In the Garhwal region of Uttarakhand (Tehri district to be precise), lies Saur, a ghost village. The Himalayan state, famous for its chocolate (which is nothing like us city folks would imagine) and buransh squash, is witnessing a crisis. As many as 1,048 villages have been declared “ghost villages”, according to the 2011 Census. These villages are either completely uninhabited or have a maximum of 10-12 families living in them.
However, a minuscule ray of hope came in the form of a bunch of youngsters, who were able to reach one of these villages before the government, armed with paint cans and brushes. They were spotted painting the walls of Saur in bright colours under The Wise Wall Project. Spearheaded by Project FUEL and sponsored by Roundglass, the project is based on “wisdom collected from an entire community that no longer lives there,” in the words of the founder of FUEL, Deepak Ramola. He tracked down the former residents of Saur, most of whom live in different parts of Uttarakhand now, heard their stories and collected anecdotes, folk-tales and life lessons to take them back to where they belonged. Painted them on the walls of the houses of the village, that now has a total of 12 families remaining out of 300 — and just like that Saur came alive once again, witnessing a homecoming of sorts.
Mind you, this isn’t just a group of youngsters who decided to embark on a trip to the mountains, came across Saur, painted the walls and left. FUEL has also created The Saur Fellowship — an ongoing programme under which the remaining kids of the village are being given English and Computer lessons for six months.
Now, four months later, the paint has probably developed cracks, baking in the early winter sun, but Ramola is back with his team, this time with the Ghost Village Festival. The two-day festival commences on 4 November and will see a group of 100 people engage with the handful of families that remain there. When Ramola describes the origin of the festival, it hits close to home because it’s so innately pahadi. “During my research, I was talking to an 83-year-old Saur local. He said his favourite memory of growing up in Saur was a small mela, a fair that used to happen in the village. It ceases to exist now due to massive migration. Therefore, we thought of organising this mela, to bridge the gap between the city-dwellers and villagers.”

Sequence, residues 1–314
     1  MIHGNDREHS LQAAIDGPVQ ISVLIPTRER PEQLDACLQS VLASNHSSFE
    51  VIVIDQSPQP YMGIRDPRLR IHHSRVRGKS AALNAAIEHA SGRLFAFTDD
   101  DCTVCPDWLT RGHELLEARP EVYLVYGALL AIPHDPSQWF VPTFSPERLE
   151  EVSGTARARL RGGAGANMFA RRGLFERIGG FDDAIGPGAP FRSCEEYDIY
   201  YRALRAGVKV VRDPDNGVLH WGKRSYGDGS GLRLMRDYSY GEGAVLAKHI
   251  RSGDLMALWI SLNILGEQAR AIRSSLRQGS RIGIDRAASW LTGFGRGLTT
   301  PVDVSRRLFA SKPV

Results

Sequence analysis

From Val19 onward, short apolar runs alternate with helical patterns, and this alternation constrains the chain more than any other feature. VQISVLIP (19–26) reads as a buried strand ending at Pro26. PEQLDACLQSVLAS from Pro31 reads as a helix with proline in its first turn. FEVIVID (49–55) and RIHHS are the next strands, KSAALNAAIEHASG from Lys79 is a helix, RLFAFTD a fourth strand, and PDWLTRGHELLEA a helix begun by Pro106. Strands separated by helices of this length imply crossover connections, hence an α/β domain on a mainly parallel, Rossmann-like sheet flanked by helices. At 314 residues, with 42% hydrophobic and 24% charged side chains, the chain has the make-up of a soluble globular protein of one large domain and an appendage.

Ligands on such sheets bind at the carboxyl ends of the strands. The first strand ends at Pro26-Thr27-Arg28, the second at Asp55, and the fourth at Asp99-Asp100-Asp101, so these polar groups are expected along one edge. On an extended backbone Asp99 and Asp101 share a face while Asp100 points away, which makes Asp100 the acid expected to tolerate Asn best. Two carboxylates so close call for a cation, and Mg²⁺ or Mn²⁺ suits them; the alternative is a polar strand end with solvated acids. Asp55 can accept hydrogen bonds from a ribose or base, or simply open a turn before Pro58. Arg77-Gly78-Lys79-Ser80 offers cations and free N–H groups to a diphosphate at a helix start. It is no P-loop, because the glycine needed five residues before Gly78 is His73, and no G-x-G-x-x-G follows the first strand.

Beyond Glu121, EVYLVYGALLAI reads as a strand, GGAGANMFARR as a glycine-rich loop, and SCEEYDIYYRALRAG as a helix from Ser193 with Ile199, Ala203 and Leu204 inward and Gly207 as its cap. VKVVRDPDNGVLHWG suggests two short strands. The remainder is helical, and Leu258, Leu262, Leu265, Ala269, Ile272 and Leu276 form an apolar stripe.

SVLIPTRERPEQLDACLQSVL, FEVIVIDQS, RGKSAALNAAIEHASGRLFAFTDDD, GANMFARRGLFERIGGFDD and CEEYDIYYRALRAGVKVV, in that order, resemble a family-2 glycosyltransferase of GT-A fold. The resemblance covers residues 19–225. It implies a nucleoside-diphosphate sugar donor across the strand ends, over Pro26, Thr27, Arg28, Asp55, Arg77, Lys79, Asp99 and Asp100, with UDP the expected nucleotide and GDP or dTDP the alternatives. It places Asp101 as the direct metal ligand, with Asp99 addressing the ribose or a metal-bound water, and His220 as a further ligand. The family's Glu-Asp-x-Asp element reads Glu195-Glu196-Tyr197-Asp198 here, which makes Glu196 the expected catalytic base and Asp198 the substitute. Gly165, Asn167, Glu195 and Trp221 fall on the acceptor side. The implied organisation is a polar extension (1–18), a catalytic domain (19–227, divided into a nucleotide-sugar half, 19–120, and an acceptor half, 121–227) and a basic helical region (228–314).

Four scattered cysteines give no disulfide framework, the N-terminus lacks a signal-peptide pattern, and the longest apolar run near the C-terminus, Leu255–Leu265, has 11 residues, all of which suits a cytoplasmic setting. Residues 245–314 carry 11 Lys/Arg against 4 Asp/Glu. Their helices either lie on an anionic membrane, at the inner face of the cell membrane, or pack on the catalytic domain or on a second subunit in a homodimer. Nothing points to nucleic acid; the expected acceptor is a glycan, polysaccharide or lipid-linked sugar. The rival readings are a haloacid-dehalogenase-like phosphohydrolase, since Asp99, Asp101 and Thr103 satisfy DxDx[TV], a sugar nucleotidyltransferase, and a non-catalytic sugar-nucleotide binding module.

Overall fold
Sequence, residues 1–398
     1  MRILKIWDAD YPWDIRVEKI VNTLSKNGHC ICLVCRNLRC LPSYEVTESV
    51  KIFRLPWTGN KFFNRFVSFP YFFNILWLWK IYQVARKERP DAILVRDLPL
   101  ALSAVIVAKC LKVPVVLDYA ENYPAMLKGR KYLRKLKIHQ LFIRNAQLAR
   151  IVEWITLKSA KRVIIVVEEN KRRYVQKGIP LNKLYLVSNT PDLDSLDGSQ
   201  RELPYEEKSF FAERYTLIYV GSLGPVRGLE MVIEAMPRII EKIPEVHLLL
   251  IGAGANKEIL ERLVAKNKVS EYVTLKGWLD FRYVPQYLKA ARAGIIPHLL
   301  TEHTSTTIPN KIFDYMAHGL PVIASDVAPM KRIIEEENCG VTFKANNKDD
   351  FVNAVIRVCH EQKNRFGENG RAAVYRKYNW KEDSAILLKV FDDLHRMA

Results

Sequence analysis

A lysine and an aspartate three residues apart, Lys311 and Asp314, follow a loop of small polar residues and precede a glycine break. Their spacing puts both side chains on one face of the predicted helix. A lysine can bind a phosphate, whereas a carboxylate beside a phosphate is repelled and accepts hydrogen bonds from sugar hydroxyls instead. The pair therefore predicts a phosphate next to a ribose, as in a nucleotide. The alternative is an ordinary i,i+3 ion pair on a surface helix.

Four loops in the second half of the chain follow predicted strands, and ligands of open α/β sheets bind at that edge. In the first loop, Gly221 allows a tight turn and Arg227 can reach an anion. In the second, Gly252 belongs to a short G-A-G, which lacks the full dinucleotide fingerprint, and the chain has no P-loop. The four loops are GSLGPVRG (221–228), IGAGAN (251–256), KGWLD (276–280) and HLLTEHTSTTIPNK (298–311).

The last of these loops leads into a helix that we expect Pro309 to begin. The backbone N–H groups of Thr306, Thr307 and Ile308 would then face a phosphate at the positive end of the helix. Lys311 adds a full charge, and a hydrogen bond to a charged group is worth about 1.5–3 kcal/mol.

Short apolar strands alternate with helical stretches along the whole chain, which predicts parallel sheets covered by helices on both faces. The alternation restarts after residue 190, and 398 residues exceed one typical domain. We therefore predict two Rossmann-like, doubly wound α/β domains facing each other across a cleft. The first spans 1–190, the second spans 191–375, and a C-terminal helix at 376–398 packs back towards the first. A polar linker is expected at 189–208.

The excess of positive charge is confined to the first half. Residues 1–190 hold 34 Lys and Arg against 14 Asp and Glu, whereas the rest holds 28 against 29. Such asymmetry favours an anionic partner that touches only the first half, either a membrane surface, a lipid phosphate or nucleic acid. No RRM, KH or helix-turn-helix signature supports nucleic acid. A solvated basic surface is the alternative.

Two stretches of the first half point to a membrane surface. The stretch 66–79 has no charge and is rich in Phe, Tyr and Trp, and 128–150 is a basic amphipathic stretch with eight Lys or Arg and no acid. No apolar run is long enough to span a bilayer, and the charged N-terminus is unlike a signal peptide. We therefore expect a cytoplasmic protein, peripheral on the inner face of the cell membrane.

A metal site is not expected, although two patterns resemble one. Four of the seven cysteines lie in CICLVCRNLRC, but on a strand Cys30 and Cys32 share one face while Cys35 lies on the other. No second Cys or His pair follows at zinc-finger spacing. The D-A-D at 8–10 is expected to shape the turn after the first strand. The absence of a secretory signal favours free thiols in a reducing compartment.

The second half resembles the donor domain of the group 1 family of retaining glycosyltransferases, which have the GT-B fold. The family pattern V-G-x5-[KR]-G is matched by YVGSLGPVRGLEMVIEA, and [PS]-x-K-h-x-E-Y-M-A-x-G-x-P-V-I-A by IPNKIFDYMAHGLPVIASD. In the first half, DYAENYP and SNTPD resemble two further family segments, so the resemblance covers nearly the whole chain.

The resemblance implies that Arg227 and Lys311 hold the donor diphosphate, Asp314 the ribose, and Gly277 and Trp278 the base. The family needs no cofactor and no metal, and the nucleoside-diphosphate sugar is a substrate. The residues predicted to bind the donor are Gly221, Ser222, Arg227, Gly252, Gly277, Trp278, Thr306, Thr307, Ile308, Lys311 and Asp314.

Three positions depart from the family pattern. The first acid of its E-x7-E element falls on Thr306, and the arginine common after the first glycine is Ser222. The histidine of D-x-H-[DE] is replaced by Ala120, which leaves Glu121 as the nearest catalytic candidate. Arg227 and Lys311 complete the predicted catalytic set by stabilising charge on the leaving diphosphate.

A partnered project with Hans Foundation, the objective of this two-day exchange is to generate funds and small-scale employment in the village. In order to not overwhelm the villagers and inundate their homes with large crowds, the number of attendees have been limited to a humble 100. And so, the villagers are ready, with their shops set up, products laid out and hopes high.
However, it is ironic that a state which was formed so that developmental reforms particular to its challenging geography could be expedited, requires a two-day festival for people to pay attention to its abandoned houses. Facts and figures from reliable sources suggest that these ghost villages might be too difficult to revive. A survey conducted by National Institute of Rural Development and Panchayati Raj indicates the lack of employment opportunities as the primary reason (47.06 percent) of migration.
Scattered economic growth, which is mainly concentrated in the plains, is also one of the reasons why the hilly terrains remain alienated from the rest of the state, even 17 years after the state was formed. The report suggests that the per capita income of four rural districts is roughly half of that of commercial cities like Haridwar and Dehradun. At this point, one could argue that Uttarakhand's 78.8 percent literacy rate, which is higher than the national average of 73 percent, is of little value to the people of the hills. According to a report by Hindustan Times, agriculture ceases to be a flourishing sector in the state and ancestral lands remain barren. While its neighbouring Himalayan state, Himachal Pradesh showed an agricultural growth of 8 percent between 2010 to 2015, Uttarakhand stood at 4 percent, in this study.
With such glaring disparities, is it even fair to ask the village folk to stay back or are the quasi-cultural tendencies of the urban folk at play here? Why should the rural residents be burdened with the sole responsibility of preserving the state's heritage? Ramola has the best answer: "We want to hold them back, but there are kids there who have dreams and aspirations, too, and we are trying to prepare them for the world outside."
With that being said, let us hope for better policies and even better execution, so that saving the hills does not remain a one-man-mission.
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Updated Date: Nov 05, 2017 10:43:30 IST